Adnoc puts almost all of its subsidiaries under single unified brand

Move part of transformation strategy under group CEO Sultan Al Jaber to create more performance-driven culture

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The Abu Dhabi National Oil Company is aligning almost all of its subsidiary companies under its Adnoc brand, the latest phase of its transformation into a more commercially-focused and performance-driven company as it looks to unlock maximum value from its resources, operations and partnerships.

The transformation strategy is being implemented by group chief executive Sultan Al Jaber, who took on the role last year with a mandate to make Adnoc more efficient and resilient.

The unified branding move supports efforts to create a “culture that is progressive, performance-driven, commercially focused and innovative”, said Dr Al Jaber. He described this “critical” change as both a challenge and an opportunity that would define Adnoc’s success.

The activities of the Adnoc group encompass upstream, midstream and downstream sectors with 3 million barrels of oil and 9.8 billion cubic feet of raw gas produced a day.

Its 20 specialist subsidiaries and joint ventures will become 16 under the unified brand. For example, the Zakum Development Company (Zadco) and the Abu Dhabi Marine Operating Company (Adma-Opco) – the two offshore units that are currently going through a consolidation – will be known as Adnoc Offshore.

Adnoc Logistics & Services will include shipping and ports services companies the Abu Dhabi National Tanker Company (Adnatco), the Petroleum Services Company (Esnaad) and the Abu Dhabi Petroleum Ports Operating Company (Irshad) - accounting for some 4,000 employees - which have already been undergoing an integration process since the end of last year.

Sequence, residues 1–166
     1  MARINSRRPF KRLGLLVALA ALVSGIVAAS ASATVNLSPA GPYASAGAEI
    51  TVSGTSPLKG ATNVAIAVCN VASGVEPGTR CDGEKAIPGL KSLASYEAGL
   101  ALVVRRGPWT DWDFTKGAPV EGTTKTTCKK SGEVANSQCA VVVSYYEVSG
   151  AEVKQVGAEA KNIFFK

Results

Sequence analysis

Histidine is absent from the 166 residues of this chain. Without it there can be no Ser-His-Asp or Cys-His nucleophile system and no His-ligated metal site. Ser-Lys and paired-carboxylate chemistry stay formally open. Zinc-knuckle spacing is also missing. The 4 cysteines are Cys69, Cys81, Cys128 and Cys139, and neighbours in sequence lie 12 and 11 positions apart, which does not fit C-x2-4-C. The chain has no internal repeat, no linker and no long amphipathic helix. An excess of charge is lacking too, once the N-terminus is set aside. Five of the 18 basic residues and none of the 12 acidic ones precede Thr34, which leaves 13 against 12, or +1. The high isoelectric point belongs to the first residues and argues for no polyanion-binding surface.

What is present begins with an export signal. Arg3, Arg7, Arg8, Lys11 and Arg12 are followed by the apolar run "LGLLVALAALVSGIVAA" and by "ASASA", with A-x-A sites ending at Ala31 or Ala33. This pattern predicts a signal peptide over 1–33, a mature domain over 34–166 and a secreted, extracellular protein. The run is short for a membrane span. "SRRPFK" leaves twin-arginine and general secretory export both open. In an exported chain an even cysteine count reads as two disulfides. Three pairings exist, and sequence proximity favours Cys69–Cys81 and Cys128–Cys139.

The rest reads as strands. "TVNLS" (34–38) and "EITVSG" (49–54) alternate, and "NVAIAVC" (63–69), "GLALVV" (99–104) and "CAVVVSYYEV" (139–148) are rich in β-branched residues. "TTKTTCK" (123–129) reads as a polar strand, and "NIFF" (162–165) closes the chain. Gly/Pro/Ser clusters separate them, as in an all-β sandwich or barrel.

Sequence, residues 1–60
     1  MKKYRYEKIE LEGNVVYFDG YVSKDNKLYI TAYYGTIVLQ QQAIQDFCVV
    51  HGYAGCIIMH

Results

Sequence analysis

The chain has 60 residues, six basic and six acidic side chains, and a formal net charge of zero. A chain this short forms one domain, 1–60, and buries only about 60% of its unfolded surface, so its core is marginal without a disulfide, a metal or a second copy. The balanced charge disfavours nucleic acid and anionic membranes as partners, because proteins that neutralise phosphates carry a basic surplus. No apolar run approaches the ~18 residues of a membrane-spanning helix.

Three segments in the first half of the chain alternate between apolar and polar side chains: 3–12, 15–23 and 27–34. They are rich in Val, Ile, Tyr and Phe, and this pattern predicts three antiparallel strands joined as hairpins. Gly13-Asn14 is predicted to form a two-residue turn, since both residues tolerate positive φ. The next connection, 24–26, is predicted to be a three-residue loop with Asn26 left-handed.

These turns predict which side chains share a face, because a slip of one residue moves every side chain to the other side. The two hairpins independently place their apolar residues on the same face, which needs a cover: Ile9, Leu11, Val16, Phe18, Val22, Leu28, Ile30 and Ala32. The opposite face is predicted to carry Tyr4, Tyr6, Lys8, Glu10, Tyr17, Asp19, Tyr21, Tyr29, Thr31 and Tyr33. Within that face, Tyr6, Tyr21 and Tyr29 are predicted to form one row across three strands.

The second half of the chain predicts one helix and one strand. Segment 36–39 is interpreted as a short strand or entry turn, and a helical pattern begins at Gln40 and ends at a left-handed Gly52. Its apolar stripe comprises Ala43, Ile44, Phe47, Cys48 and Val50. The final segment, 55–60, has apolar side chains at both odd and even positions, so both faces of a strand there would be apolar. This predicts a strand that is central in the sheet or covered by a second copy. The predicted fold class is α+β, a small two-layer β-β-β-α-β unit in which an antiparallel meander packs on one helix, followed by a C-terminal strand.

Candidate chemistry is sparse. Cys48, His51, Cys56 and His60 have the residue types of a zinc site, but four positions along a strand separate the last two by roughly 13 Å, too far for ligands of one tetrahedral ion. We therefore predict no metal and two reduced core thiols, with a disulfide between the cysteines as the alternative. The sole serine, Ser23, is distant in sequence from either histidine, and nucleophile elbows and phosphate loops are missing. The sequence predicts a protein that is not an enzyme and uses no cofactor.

Abu Dhabi Gas Industries, or Gasco, will be rebranded Adnoc Gas Processing and Al Hosn Gas, a joint venture with Occidental Petroleum, becomes Adnoc Sour Gas. National Drilling Company (NDC) becomes Adnoc Drilling. The single brand identity will also be rolled out across the 317 service stations operated by Adnoc Distribution.

Dr Al Jaber said that each company will, however, maintain operational autonomy within the group’s "centralised governance model".  Suppliers, customers and other groups and individuals that do business with Adnoc subsidiaries will be unaffected by the rebranding, he said.

Borouge, its petrochemicals joint venture with Austria’s Borealis will not be renamed because of its “well-established brand and reputation” in that industry, according to Dr Al Jaber. Exploration and production units Al Yasat and Al Dhafra, which are in the early stages of their operations, are also exempted although they will eventually evolve and fall under the unified Adnoc brand identity, he said.


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Under Dr Al Jaber, Adnoc is opening up for new partnerships and co-investments, for the first time across all areas of the group – not just in oil & gas concessions and petrochemicals but also in drilling, pipelines, storage and refining – and potential partners include international pension funds, private equity investors and global infrastructure specialists.

It is considering the sale of a stake to the public in Adnoc Distribution as part of its new corporate strategy to more actively manage its portfolio of assets.

“Our unified brand aims to shape a culture that will help unlock maximum value from our resources, our business and our partnerships,” said Dr Al Jaber. “A strong brand and reputation allows us to forge a clear and defined identity and positions us to enter new markets, enhance the scale of our partnerships and leverage our collective experience.”

Ramon Penas / The National

The branding move illustrates how Adnoc is adopting more creative strategies and more flexible and agile business models to capture growth, said Mr Al Jaber.